March 17, 2015

Harvard lawprof Noah Feldman says Robert Durst's confession is not admissible.

What we have is video of Durst, alone and looking into a mirror and saying "What the hell did I do? Killed them all, of course." Feldman says he's "going deeply into the law" and "the circumstances of the statement" and encountering a "profound question about fantasy versus reality, the nature of a soliloquy, and the fascinating human strangeness unleashed by the era of reality television." All of that creates opportunities for presenting other evidence and making arguments about the meaning and weight of the words spoken by Durst, but it's not hearsay, because statements of a party offered by an opposing party are defined by the rules of evidence as not hearsay. [ADDED: Under some states' evidence rules, the statement of a party is hearsay but would fall within an exception to the rule against hearsay.] So what is Feldman's argument?
Then there’s the hearsay rule. It says that statements made out of court are generally not admitted to prove the content of the statement made. A recorded confession must therefore be admitted in under [sic] an exception to the hearsay rule — for example, the exception made for a statement against someone's own interest.
Feldman needs to go a little more deeply into the law! There is obviously no hearsay problem. Feldman goes on to assume that the nonexistent hearsay problem could be overcome and suggests some admittedly weak arguments:
If I were Durst’s lawyer, I would try to argue that producers of “The Jinx” became agents of law enforcement, and from there try to argue that Durst should’ve been given Miranda warnings. But this argument doesn’t seem likely to win, because Durst wasn’t in custody. He was free to leave at any time, and was a voluntary participant in the interviews. It follows that no one needed to read him his rights, even if the producers had become part of the legal apparatus.

Another creative argument I’d advance on Durst’s behalf is that if the producers had become law enforcement, then they would need a warrant to record Durst in the bathroom, because he has a constitutional right not to be recorded where he has a reasonable expectation of privacy. If you don’t have that privacy in the can, where do you? But this argument, too, should fail -- because Durst was wearing the microphone himself. I seriously doubt you have a reasonable expectation of privacy when you’re mic’d up, even in the bathroom.
Then there's the usual fallback argument:
Even if all these legal principles for admissibility are satisfied, the trial judge still must decide whether the evidence to be admitted is more probative than prejudicial. In other words, the judge will ask whether the jury would be more likely to glean useful information from the statement that would help prove guilt or innocence, or more likely to form an irrational prejudice the basis [sic] of the evidence.

In this case, an intelligent judge would certainly conclude that Durst’s statement would create irreversible prejudice in the mind of the jury -- without a reliable basis for proving the truth.
What a strangely extreme statement! First, the rule requires that the prejudicial effect substantially outweigh probative value of the evidence, not just whether the evidence is more probative than prejudicial. What irrational value to the evidence is there that can't be addressed and explained at trial?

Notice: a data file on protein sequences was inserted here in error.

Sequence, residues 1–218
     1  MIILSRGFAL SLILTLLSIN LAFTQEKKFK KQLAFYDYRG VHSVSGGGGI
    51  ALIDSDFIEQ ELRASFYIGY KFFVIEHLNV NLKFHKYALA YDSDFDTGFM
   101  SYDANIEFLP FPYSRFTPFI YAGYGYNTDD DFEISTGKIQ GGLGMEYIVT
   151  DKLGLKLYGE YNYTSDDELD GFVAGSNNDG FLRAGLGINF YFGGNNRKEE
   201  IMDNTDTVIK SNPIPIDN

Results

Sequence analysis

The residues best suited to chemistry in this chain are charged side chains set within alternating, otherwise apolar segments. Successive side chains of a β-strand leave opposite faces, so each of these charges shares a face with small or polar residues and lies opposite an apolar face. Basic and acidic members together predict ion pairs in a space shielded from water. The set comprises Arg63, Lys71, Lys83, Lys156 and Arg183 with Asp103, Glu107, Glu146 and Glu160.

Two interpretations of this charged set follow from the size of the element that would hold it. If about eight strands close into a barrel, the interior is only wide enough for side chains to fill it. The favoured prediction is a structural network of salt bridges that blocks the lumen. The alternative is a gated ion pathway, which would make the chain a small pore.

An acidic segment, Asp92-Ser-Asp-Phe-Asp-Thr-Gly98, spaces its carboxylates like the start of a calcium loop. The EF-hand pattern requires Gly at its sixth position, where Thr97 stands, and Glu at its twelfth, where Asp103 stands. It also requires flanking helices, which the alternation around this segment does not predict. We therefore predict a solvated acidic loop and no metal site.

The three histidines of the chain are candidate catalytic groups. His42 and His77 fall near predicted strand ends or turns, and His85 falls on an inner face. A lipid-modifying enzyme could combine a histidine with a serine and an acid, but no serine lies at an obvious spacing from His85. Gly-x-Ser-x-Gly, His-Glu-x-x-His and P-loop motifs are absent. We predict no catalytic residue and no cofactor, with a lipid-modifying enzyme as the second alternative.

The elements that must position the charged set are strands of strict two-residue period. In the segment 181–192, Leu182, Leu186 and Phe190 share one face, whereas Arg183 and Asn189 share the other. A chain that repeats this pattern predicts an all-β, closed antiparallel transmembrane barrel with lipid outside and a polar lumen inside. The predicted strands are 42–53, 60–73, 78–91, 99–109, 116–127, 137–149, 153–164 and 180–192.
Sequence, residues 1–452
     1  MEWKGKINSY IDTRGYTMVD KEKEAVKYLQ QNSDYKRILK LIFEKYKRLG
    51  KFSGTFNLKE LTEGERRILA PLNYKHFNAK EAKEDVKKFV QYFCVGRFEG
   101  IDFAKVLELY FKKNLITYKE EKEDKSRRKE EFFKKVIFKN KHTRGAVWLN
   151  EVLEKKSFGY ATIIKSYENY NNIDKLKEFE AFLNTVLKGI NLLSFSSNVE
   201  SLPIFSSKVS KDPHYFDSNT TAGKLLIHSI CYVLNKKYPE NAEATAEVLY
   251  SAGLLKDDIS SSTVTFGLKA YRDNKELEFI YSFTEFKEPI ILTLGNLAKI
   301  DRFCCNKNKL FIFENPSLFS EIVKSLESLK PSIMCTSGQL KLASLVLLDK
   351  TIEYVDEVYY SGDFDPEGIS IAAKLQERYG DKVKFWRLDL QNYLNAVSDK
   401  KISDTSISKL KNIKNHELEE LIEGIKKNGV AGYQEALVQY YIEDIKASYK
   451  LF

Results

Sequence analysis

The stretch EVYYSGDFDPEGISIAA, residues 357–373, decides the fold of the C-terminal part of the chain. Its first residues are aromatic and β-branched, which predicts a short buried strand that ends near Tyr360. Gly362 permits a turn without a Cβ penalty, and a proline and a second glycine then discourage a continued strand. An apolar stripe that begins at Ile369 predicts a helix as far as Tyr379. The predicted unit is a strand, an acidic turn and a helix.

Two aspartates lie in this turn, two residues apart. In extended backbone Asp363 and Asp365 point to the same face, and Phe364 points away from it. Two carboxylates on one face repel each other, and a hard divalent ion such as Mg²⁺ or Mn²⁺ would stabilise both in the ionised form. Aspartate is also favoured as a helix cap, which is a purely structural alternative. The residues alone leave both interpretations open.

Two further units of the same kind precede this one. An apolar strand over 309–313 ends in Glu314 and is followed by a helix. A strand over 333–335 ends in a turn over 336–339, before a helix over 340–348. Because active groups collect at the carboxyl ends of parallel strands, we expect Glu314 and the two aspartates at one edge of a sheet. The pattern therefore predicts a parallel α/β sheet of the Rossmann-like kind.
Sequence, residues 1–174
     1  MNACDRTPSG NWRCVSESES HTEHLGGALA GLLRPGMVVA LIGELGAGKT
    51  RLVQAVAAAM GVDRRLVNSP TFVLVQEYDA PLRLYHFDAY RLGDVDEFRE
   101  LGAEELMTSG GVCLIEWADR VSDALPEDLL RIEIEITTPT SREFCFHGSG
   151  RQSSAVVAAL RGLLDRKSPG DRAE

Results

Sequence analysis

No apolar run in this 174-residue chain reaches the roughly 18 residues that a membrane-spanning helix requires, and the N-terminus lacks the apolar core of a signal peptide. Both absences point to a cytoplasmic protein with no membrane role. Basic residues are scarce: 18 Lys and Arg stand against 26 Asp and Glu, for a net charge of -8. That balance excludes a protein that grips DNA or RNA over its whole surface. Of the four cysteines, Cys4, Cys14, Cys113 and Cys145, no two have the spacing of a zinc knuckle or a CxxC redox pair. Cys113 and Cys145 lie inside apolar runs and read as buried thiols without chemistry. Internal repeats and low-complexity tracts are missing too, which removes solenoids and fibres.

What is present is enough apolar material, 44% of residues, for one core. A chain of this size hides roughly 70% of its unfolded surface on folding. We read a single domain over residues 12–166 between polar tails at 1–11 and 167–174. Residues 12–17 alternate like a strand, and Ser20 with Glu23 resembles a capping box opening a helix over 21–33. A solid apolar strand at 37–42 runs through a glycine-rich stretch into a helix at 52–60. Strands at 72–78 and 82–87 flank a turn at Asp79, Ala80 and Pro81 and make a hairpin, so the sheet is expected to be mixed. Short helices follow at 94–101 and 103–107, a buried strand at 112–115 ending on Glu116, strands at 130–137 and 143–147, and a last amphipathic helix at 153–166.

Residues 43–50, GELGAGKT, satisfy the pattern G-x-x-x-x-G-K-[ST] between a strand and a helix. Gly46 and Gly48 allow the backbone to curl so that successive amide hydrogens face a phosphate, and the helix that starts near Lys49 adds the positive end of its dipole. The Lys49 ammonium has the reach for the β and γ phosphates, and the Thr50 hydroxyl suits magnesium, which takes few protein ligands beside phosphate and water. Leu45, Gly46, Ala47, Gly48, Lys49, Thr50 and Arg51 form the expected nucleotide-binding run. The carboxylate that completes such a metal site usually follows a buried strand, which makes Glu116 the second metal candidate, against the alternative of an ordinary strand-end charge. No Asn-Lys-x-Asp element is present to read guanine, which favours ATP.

Durst’s statement takes the classic form of a soliloquy. And soliloquies are by their very nature ambiguous -- because there’s no actual addressee. We don’t need to communicate with ourselves in spoken words, because we already know what we know. When we talk out loud to ourselves, we’re doing something different: exploring our ideas, fantasies, doubts, fears.
And that's what Durst's lawyers can explain and speculate about to the jury. Talking to yourself in the mirror may be dramatic — I'm thinking of Robert DeNiro in "Raging Bull" (not to mention "Taxi Driver") — but it's not much different from a diary entry? Do I tell the truth when I'm the only one here — as DeNiro famously said — or do I fantasize and lie and puff? Statements have some unknown connection to the truth of the matter asserted — which is the reason for the hearsay rule (and its exceptions) — but there are truth defects in statements made when you are talking to somebody else too. If Feldman's musings were taken seriously, what statements could be heard at trial?
Even the question-and-answer form (“What the hell did I do? Killed them all, of course”) is reminiscent of the untrustworthy soliloquies delivered by Hamlet. 
Feldman speaks of "Hamlet," but I'll reference "Taxi Driver" again. "Are you talkin' to me? Well, I'm the only one here." When you talk to yourself in the mirror, you may get into a frame of mind where you're practicing for or reliving an encounter with another person. Is there ambiguity? Sure. Does that make the evidence inadmissible? Of course not!

46 comments:

Kevin said...

I haven't seen the video, but is there any chance he was being sarcastic? I'm reminded of a Kids in the Hall sketch where a guy on the stand sarcastically copped to a series of horrific acts and the jury laughs. Then the court reporter reads the transcript in monotone and everyone is horrified.

rhhardin said...

It looks a priori to a ratings gimmick to me.

lgv said...

Yes, Kevin, it could be sarcastic, but the more likely context is that is is referring to how others perceived him, not an actual confession.